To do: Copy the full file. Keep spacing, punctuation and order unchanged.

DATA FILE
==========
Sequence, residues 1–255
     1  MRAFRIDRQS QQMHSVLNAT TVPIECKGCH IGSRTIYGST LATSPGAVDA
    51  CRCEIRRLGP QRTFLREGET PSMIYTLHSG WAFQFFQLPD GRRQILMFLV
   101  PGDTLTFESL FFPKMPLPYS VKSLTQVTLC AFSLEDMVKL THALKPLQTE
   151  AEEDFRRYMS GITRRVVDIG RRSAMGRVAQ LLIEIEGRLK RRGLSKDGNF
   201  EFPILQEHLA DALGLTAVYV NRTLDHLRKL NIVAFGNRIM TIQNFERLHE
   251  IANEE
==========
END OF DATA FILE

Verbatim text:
Sequence, residues 1–255
     1  MRAFRIDRQS QQMHSVLNAT TVPIECKGCH IGSRTIYGST LATSPGAVDA
    51  CRCEIRRLGP QRTFLREGET PSMIYTLHSG WAFQFFQLPD GRRQILMFLV
   101  PGDTLTFESL FFPKMPLPYS VKSLTQVTLC AFSLEDMVKL THALKPLQTE
   151  AEEDFRRYMS GITRRVVDIG RRSAMGRVAQ LLIEIEGRLK RRGLSKDGNF
   201  EFPILQEHLA DALGLTAVYV NRTLDHLRKL NIVAFGNRIM TIQNFERLHE
   251  IANEE